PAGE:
The last time I was in the Bramshill Hunt was illegally, as a REME Junior Leader, around 1962. The staff certainly have not been there since then, much to young and pretty. Apart from this I do not really remember it at all, just the sneaking through the woods to get there.
One thing that did confuse me a little were two banners outside emblazoned with “come on you Irish”. Never did get to find out what they were in aid of!
It is now part of the Green King Group and, I believe, under new management. Barry Johnson had dropped them in the orders a couple of hours before we were due to arrive so at least they were forewarned that about 30 people were going to descend on them.
In general they coped pretty well although a couple of people had to wait an inordinatley long time, probably due to the fact that they only had staff available for a normal Saturday lunch time.
I had picked the cheese and ham ploughmans lunch and I can say that it would have been hard to beat.
The cheese was a chunk or real cheddar and the ham actually tasted of ham. Add pickled onion, Branston pickle and a section of french stick and you have the perfect accompaniment to red wine or a gin and tonic (Josephine got the last of the red wine in the house!)
I think everybody else was suitably impressed with their choice and, at just over £10.0 for two of us it was indeed value for money.
Unfortunately it is unlikely that I will be in Arborfield any time again soon.
My good friends the Rankin’s called into the office to discuss a piece of furniture and having finalised the design requirements, plus me having slipped a chair in to the equation, they invited me to join them for lunch. The idea was to test the newly opened Newry Bypass and get to Fitzpatrick’s Restaurant in record time. This of course did not take into account the erroneous reporting that the last section of the bypass had opened at eleven o’clock! It hadn’t! Looking across to the northbound carriageway it seemed that this had been opened at about 13.03.
The potting shed
On previous trips down the Carlingford road I do not recall getting past the Ballymascanlon Hotel so was amazed to be introduced to the Irish answer to the “Traditional Irish Pub” a couple of kilometres further down the road.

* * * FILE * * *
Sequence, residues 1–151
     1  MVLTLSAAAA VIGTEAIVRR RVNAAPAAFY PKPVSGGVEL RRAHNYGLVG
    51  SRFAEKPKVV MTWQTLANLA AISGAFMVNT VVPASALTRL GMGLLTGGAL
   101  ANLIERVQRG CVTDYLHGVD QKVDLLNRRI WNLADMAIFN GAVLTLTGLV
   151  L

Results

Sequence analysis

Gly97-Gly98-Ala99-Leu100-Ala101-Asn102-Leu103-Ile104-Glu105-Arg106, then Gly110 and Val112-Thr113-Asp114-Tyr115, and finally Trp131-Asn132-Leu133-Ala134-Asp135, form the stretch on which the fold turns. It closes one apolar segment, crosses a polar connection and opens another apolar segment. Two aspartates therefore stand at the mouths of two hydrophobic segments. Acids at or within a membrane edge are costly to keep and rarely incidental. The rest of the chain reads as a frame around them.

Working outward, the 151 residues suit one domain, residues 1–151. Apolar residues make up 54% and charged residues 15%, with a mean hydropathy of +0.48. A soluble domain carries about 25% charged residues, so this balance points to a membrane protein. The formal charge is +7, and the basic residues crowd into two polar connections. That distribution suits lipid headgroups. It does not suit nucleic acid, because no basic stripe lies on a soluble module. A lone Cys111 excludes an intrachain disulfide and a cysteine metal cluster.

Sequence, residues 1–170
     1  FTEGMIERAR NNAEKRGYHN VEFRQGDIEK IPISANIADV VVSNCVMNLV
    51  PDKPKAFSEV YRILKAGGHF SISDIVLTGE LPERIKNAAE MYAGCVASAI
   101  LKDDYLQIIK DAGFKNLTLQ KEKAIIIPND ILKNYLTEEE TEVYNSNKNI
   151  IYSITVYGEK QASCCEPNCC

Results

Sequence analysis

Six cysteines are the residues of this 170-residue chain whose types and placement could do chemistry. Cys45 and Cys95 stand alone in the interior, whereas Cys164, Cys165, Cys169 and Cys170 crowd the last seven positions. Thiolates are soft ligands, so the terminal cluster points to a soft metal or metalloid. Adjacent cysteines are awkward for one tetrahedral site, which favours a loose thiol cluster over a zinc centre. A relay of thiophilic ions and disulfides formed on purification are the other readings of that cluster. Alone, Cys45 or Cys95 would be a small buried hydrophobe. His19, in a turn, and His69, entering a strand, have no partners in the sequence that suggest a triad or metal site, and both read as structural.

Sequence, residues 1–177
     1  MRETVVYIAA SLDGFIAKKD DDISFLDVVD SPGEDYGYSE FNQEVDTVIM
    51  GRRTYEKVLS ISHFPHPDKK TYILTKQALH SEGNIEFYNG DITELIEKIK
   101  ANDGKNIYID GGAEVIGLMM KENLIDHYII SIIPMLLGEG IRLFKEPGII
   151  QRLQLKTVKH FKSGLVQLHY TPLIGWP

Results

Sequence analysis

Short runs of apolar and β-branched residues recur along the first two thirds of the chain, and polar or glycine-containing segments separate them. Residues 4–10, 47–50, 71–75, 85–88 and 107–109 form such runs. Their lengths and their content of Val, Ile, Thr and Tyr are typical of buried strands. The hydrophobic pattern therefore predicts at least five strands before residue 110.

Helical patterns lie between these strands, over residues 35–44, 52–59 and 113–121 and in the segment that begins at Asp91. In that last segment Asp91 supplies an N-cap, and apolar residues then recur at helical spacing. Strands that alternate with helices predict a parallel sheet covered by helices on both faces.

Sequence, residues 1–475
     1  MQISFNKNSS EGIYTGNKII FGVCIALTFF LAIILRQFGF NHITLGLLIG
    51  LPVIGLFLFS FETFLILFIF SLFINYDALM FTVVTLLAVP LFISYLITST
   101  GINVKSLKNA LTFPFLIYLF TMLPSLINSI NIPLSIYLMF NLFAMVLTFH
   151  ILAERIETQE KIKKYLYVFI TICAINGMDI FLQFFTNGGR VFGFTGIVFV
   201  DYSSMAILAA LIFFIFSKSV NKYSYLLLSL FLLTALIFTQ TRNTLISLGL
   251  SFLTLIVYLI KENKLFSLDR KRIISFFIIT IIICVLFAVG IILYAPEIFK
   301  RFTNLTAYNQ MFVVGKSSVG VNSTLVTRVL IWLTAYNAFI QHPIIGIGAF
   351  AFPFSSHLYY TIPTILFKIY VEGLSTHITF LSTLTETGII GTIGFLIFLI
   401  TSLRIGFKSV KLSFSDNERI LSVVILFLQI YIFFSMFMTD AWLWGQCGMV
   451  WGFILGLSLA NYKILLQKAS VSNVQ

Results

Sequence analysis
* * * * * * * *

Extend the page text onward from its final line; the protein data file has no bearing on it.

The bicycle park
Arriving in the car park at first glance Fitzpatrick’s appears as the picture book example of the rural farmhouse style building with whitewashed walls and slate roof. The adjoining courtyard boasts a plethora of flowers growing in pots which are set in anything from bicycle baskets to a van engine compartment. Of course there is also the regulation horse and donkey in the adjacent paddock. I actually thought that the donkey was a cast model until it brayed!
Once one enters it appears as the Irish answer to the ubiquitous “Irish Bar”, at least one of which is to be found in every major city round the world. Every available inch of wall, cill and beam sports period adverts, pictures and artefacts.
The amazing thing is that it works without ever seeming to be “over the top”.
Every available space!
We were taken to our table by a young lady who was certainly not indigenous but who was definitely very well trained. She took our drinks order and provided us with menus. At first glance it occurred to me that anyone who can include “Almost famous French Onion Soup” and “Now Famous Chicken Wings” as offerings is certainly worth a try.
Helen and I picked the Whole Baked Sea Trout on seared courgettes with Hollandaise sauce, with chips on the side, from the “day’s specials” menu whilst Trevor went for the sausages with champ and onion gravy.
The fish was cooked to perfection, just firm, and the chips were golden crisp; how do they do that? The courgettes were melt in the mouth and the Hollandaise sauce complemented it all perfectly. Not only that but there was a serving of vegetables as well: cauliflower, broccoli, mange tout, carrots and green beans. All of which managed to be cooked “just so”.
Trevor report his sausage ring to be excellent and the same for the champ and gravy.
We finished up with a couple of standard coffees.
Not just any loo!
The Gents loo is also worth a mention as it resembles a Victorian apothecary’s. Beware the hand dryers which are designed to remove the skin along with the water!
We returned to Belfast via the now opened Newry Bypass. Unfortunately no-one was offering gifts for being one of the first 1000 cars.
Having said this there were lots of police out with little books and those flashy black things they are so fond of pointing at people.
No doubt we will revisit this excellent hostlery at some point in the not too distant future.
As I was in town for a meeting thought I’d better check up and see that Deanes was keeping up it’s standards so I met up with Josephine and we headed for Howard Street. The board outside showed the special of the day to be whole sole, so that solved the choice problem; and they had not run out of Pinot Grigio. The sole came on the bone with a light lemon butter and was accompanied by green beans and new potatoes. Josephine is not a great lover of beans of any variety so that was my gain. We shared (2/3 to me) a crème brûlée which came in a sweet dish almost the size of a soup plate. Enough said, the standard and service are as good, if not better, than they were in April.